To start with, a bare definition: justification is the declaration that somebody is in the right. It is a term borrowed from the lawcourt—that is what people mean when they say it is ‘forensic’.2 In the lawcourt, justification is the judge’s verdict in favour of one party or the other (cases in Jewish law were simply between accuser and accused, there being no Director of Public Prosecutions). The basic meaning of the term is therefore not ‘forgiveness’: a favourable verdict implies that justice, not (at this stage) mercy, is being carried out. Nor is ‘acquittal’ quite strong enough: justification has a positive sense, indicating not merely absence of guilt but a positive standing in the right. This status is termed ‘righteousness’, which in this context does not refer primarily to the character or morals of the person concerned, but simply to his status in the court on the basis of the judge’s declaration. Justification is the judge’s verdict that someone is in the right. Righteousness is the status before the court which results from that declaration.

1.2  Statement of the Problem

The central claim against which this polemic is aimed is the boast that covenant membership is for Jews and Jews only, with very few exceptions. Paul would have approved of John the Baptist’s warning against reliance on physical membership of Abraham’s family.17 Jewish birth, circumcision and possession of the law are in fact, in themselves, neither necessary (Romans 4) nor sufficient (Romans 9) qualifications for membership within the covenant. ‘Works of the law’ were not, as is usually thought, the attempt to earn salvation de novo: they were the attempt to prove, by obedience to the law given to the Jews, that one was already a member of Abraham’s family.18 Such an attempt is both misguided (because the covenant was always designed to include Gentiles as well as Jews) and impossible (because of universal sin, which the law merely showed up). The doctrine of justification therefore provides both a positive and a negative answer to the question ‘Who are the true children of Abraham?’ And that, as we shall now see in turning to the details of the biblical evidence, is the really crucial question.

1.3  Purpose of the Study

  1. To examine the relationship between the roles of doctrine of justification by faith on Christian living
  2. To examine the effect of the theological implications of doctrine of justification by faith on Christian practice
  3. To examine the relationship between the theological misconceptions of doctrine of justification by faith on Christian practice
    • Research Questions
  4. What is the relationship between the roles of doctrine of justification by faith on Christian living
  5. What is the effect of the theological implications of doctrine of justification by faith on Christian practice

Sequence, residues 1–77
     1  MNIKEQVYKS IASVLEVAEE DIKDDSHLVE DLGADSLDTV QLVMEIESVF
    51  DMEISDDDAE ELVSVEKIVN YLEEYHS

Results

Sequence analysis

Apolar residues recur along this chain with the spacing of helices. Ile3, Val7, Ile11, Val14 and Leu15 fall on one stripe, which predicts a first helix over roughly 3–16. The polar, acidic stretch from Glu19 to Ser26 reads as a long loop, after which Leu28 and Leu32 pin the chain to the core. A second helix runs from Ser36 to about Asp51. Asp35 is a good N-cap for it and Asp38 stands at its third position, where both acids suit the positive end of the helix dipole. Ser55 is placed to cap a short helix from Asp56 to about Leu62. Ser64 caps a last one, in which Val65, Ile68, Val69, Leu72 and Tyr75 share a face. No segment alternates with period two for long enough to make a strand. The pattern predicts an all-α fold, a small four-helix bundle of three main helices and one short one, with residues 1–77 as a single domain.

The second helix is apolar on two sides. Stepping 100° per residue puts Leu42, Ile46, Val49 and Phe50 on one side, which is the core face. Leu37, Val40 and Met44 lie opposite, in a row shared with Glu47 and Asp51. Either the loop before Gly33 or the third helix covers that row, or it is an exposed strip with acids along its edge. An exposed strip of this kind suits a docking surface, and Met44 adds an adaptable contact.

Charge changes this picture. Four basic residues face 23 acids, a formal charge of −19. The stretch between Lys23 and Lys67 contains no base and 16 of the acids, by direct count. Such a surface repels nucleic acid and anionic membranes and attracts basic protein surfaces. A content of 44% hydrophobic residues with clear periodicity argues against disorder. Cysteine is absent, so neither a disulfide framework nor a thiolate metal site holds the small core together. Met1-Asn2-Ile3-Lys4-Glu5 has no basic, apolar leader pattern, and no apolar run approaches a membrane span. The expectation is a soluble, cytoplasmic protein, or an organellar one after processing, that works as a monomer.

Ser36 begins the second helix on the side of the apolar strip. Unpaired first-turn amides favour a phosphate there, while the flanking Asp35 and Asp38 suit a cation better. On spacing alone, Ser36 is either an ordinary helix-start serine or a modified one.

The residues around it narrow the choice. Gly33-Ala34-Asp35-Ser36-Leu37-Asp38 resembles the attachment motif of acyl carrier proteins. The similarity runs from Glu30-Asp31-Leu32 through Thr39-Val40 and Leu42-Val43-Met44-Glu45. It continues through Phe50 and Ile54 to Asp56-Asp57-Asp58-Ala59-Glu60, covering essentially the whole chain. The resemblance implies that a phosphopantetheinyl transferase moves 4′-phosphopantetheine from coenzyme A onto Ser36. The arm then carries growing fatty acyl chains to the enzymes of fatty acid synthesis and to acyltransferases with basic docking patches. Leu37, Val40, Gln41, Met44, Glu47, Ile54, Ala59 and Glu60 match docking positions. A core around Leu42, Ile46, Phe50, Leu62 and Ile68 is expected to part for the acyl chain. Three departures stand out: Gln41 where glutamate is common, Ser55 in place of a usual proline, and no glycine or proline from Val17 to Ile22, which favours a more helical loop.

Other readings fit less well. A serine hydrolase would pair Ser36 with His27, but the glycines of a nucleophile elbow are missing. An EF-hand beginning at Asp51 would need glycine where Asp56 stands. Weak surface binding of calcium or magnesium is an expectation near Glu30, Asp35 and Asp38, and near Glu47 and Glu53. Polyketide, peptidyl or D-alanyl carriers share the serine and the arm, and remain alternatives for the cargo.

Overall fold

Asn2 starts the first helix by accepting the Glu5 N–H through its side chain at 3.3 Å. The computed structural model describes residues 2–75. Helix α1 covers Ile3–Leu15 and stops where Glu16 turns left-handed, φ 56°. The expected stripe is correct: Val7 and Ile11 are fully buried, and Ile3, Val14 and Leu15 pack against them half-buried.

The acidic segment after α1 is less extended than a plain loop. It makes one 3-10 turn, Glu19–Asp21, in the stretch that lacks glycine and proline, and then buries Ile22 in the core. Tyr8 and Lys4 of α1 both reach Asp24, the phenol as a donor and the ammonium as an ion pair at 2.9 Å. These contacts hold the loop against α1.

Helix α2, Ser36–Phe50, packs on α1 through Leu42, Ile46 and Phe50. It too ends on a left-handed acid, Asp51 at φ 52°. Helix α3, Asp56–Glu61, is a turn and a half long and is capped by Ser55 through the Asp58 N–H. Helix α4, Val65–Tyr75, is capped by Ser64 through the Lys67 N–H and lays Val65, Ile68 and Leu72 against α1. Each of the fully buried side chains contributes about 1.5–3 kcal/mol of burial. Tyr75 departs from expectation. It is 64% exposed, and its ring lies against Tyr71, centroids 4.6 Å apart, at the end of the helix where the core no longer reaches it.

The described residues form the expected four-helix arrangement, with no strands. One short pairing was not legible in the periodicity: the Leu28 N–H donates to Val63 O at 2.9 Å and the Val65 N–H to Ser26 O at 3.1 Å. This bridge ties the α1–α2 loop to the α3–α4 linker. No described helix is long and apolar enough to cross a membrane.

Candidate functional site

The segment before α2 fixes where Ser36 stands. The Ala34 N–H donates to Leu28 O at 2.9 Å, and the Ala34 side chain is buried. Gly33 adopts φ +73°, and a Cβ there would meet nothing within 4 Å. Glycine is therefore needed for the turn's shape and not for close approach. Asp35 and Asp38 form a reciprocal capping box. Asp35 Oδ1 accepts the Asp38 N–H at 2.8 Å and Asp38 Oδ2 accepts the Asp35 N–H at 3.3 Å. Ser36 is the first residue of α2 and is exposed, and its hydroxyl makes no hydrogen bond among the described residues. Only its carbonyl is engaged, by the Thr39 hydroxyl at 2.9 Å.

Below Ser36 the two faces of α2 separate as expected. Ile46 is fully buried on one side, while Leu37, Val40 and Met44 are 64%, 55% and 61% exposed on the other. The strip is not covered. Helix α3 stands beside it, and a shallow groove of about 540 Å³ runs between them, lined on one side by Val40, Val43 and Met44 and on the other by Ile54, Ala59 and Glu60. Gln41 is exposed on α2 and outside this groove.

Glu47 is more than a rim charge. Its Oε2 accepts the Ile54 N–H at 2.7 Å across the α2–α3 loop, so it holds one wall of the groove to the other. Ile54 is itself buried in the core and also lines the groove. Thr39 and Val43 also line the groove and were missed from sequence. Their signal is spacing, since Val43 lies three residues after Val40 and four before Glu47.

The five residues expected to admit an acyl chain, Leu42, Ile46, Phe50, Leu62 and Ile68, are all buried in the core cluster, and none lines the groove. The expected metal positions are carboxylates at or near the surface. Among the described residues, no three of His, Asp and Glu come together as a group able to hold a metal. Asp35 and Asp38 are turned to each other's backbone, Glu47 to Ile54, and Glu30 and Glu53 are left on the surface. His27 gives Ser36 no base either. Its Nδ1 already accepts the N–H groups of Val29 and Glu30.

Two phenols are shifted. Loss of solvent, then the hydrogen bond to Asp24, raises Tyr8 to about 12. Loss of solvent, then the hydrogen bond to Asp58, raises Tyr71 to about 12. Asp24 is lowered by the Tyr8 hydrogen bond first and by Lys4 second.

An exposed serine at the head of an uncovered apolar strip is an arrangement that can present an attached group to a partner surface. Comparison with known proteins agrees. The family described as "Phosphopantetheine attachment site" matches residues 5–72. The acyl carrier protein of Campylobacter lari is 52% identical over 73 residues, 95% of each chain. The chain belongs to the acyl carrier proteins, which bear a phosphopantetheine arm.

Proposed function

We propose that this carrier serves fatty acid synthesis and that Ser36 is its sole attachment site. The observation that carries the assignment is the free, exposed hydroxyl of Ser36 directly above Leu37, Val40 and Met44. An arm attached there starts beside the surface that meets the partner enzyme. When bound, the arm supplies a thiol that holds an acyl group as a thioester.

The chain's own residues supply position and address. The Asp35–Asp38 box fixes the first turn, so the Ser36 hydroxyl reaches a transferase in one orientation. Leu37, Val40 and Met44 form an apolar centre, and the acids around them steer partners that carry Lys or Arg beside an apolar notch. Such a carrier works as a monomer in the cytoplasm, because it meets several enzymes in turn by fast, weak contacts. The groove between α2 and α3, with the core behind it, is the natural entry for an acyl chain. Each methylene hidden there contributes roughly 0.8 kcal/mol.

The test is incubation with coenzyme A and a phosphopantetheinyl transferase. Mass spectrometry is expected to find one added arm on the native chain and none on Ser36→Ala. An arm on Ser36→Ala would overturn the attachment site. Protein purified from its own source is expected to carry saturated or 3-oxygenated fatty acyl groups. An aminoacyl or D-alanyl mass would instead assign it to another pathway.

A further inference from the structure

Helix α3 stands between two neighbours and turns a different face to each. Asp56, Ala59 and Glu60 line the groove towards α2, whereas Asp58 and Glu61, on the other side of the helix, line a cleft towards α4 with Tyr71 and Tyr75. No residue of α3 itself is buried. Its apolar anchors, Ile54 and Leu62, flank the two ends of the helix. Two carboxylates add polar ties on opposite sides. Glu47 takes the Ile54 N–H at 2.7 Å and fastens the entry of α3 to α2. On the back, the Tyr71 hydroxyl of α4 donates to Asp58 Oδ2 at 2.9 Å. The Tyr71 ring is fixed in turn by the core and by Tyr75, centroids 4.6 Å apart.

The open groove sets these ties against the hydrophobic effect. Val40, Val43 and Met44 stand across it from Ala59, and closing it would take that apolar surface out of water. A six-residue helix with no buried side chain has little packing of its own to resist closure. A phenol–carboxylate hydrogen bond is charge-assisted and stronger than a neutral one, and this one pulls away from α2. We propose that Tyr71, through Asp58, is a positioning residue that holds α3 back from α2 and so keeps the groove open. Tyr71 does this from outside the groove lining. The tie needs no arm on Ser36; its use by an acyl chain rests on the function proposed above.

6. What is the relationship between the theological misconceptions of doctrine of justification by faith on Christian practice

1.5  Hypothesis

  1. There is no significant relationship between the roles of doctrine of justification by faith on Christian living
  2. There is no significant effect of the theological implications of doctrine of justification by faith on Christian practice
  3. There is no significant relationship between the theological misconceptions of doctrine of justification by faith on Christian practice

1.6  Significance of the Study

The significance of this study can be viewed from the following perspectives.

  1. One main significance of this study is that when completed, it would serve as a bridge for the gap that have been created between where previous works on this subject area stopped and today.

2     This study is significant in the sense that it’s finding would serve as a base and framework for future researchers to carry out further studies in the field of knowledge under study.

3     The CAN, PFN, pastors, church workers would benefit from this study in view of the fact that they would learn how efficacious biblical and theological interpretation affects Christian growth and propagation of gospel

4     The outcome of this research is hoped to be of immense use to students of management since it contains information on how to improve individual or team performance and therefore, increase productivity.

1.8    LIMITATION OF THE STUDY

   In every research work, it is likely that the researcher may encounter some limitations. The researcher encountered some challenges during the period of carrying out this research. Some of these challenges include the dearth of materials for a proper and effective research work constituted a major limitation. Again, how to get the true and required information from the students through questionnaire also constituted a constraint in the study.

Finally, there was the problem of convincing the students on the primary objectives of the questionnaire so as to give the true and required information. However, the intervention of the class teachers in the schools who took time to clear the air and convince his students helped the investigator to administer the instrument successfully.